City of Calgary to invest $2.5M for upgrades to new home for National accessArts Centre

Much-needed funding has been secured to help The National accessArts Centre, formerly known as Indefinite Arts Centre, move into its new home after a roof collapse at the Fairview Arena in 2018.

The arts organization, which provides artistic training for people with developmental, physical and acquired disabilities, is expected to set up shop in the Scouts Canada building along Memorial Drive.

Read more: Indefinite Arts Centre finds new name and potential new home

According to a letter addressed to the organization from the City of Calgary, the City has secured $2.5 million for accessibility upgrades and repairs to the building, which is also a City of Calgary Historic Resource.

“These improvements are being done with the intention of offering the National accessArts Centre the space as their future new home,” City of Calgary building infrastructure manager Susan Specht wrote in the letter.

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Specht said the City is in the process of looking for a consultant, and engagement with the National accessArts Centre on interior renovation requirements in early-April.

The location was identified as a potential location for the centre to move into in November, but money was needed for upgrades on the city-owned facility to make it accessible for artists with disabilities.

“This is an exciting step forward for our organization,” National accessArts Centre CEO Jung-Suk Ryu said. “For three years, we’ve faced tremendous challenges and uncertainty following the collapse of the adjoining arena, and this has had an impact on our community of more than 300 artists living with disabilities.”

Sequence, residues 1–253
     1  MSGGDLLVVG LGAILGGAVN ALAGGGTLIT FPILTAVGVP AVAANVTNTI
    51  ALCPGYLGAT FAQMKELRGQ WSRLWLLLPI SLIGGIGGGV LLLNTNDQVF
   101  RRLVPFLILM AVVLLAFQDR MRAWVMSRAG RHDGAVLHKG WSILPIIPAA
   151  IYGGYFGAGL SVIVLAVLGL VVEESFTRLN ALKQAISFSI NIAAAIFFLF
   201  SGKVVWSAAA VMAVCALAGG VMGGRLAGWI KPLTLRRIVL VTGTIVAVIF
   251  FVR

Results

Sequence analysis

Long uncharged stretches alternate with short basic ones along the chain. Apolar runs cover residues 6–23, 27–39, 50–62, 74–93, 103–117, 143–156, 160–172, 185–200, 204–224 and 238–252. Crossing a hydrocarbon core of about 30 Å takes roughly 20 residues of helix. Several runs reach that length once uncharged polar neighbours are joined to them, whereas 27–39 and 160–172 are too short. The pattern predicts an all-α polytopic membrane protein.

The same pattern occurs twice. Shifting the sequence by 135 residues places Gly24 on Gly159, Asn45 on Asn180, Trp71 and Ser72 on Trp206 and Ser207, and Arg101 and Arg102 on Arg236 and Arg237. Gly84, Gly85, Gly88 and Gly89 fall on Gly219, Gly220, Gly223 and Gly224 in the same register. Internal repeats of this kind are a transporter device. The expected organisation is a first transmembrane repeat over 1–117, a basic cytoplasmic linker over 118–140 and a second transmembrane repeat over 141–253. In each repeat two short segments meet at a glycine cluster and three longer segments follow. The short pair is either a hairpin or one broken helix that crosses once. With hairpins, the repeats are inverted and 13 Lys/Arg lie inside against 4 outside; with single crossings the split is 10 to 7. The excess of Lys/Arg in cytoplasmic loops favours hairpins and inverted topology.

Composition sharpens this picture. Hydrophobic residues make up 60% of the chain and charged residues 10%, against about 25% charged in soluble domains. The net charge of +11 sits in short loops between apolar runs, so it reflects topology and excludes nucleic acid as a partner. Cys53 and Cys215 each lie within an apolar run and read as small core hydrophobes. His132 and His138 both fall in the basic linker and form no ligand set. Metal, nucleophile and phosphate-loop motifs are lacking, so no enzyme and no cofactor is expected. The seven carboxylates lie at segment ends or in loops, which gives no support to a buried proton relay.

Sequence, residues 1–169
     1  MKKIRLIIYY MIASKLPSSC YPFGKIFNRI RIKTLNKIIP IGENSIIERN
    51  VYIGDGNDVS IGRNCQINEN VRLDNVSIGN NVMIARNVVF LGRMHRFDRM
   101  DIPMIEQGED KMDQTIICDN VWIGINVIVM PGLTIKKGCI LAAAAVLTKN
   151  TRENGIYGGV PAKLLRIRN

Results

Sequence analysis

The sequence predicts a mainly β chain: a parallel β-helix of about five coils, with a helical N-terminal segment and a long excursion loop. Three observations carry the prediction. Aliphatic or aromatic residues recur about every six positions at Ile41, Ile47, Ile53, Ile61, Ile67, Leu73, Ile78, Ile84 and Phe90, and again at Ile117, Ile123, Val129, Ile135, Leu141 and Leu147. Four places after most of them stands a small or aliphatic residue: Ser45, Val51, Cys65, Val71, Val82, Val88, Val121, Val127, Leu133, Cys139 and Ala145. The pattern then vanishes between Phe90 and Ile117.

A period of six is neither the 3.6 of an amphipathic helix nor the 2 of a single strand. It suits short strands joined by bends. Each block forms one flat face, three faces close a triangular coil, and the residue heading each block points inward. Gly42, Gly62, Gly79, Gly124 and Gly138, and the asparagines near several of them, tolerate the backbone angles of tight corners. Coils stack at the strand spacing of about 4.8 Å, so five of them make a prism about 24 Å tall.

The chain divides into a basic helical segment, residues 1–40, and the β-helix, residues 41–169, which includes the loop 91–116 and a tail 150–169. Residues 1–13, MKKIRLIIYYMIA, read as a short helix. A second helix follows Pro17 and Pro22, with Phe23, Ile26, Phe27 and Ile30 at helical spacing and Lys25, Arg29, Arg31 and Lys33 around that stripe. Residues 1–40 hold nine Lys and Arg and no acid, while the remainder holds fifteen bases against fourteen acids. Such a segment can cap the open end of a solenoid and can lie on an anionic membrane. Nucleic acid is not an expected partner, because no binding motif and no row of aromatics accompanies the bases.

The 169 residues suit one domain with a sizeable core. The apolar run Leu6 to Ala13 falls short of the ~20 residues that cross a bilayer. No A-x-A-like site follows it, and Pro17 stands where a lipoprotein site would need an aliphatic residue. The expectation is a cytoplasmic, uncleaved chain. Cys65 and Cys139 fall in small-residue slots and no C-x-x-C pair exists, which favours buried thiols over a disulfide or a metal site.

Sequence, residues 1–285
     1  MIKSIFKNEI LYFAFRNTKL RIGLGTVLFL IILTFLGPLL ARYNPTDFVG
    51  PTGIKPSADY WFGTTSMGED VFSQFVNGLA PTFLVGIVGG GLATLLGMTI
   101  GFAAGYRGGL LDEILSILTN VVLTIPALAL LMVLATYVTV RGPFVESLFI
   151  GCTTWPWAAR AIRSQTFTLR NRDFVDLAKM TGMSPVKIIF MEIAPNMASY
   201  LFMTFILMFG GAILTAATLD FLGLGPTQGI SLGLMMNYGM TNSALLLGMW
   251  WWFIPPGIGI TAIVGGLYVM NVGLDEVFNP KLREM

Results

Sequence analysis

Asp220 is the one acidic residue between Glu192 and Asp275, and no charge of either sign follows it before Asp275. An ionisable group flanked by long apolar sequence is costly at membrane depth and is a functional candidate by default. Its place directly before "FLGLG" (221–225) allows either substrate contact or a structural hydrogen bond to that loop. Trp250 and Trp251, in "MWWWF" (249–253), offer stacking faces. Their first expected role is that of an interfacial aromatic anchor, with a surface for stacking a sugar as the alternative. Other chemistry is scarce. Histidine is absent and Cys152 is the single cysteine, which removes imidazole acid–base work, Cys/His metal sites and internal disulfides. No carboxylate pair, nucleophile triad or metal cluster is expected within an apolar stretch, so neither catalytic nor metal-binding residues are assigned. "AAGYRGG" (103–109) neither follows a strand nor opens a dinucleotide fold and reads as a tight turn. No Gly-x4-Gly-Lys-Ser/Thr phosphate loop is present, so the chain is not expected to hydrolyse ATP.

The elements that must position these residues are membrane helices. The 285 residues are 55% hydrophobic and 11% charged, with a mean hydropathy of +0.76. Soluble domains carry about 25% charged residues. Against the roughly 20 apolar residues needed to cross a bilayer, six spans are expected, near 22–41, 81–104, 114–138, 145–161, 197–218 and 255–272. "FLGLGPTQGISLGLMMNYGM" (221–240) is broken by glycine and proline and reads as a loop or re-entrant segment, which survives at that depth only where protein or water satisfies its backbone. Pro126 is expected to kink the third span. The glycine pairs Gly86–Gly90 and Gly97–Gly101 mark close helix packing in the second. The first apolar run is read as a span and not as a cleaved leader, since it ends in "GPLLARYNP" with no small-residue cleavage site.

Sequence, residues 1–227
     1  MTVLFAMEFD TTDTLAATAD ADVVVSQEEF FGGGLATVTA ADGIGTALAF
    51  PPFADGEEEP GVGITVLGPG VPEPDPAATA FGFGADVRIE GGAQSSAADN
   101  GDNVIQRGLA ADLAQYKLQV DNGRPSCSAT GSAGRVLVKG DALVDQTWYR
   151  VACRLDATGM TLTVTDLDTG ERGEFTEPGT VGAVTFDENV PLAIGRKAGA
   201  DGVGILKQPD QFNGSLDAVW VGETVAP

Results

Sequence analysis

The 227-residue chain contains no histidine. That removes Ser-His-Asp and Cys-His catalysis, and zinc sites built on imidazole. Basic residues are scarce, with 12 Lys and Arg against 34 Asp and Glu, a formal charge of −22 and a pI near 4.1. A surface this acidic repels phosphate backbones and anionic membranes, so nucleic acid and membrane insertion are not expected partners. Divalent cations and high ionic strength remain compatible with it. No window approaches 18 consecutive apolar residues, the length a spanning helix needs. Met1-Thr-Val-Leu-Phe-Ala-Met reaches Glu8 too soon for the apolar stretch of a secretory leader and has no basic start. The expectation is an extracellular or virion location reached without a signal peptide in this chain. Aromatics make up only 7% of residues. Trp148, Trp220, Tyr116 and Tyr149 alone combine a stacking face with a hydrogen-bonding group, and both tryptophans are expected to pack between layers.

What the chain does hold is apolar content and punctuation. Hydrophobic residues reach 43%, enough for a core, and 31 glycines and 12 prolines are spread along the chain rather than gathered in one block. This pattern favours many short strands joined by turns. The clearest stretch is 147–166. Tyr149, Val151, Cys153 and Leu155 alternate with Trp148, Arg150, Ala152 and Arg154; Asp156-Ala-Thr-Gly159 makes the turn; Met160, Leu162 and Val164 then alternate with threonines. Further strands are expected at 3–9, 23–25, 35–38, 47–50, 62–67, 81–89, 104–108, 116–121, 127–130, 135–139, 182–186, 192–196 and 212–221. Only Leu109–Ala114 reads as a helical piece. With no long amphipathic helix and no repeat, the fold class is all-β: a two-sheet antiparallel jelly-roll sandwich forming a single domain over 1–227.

“Now, we are moving towards having a safe, fully accessible home for our organization.”

Read more: Officials to begin demolition at Fairview Arena, inspections at other arenas underway

The Centre’s current location is in an adjoining facility to the Fairview Arena, which had its roof collapse in 2018.

The collapse prompted the arts organization to evacuate its adjoining space for six months while the City of Calgary completed an assessment of the building.  In November it was decided the building the arts organization occupied would also be demolished.

The arena, built in 1972, was demolished in March.

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According to the City, the process to designate the Scouts Canada building as a municipal heritage resource is underway, and may come with requirements that affect project timelines.

Ryu said the group is expected to take occupancy of the building in late 2021 or early 2022.

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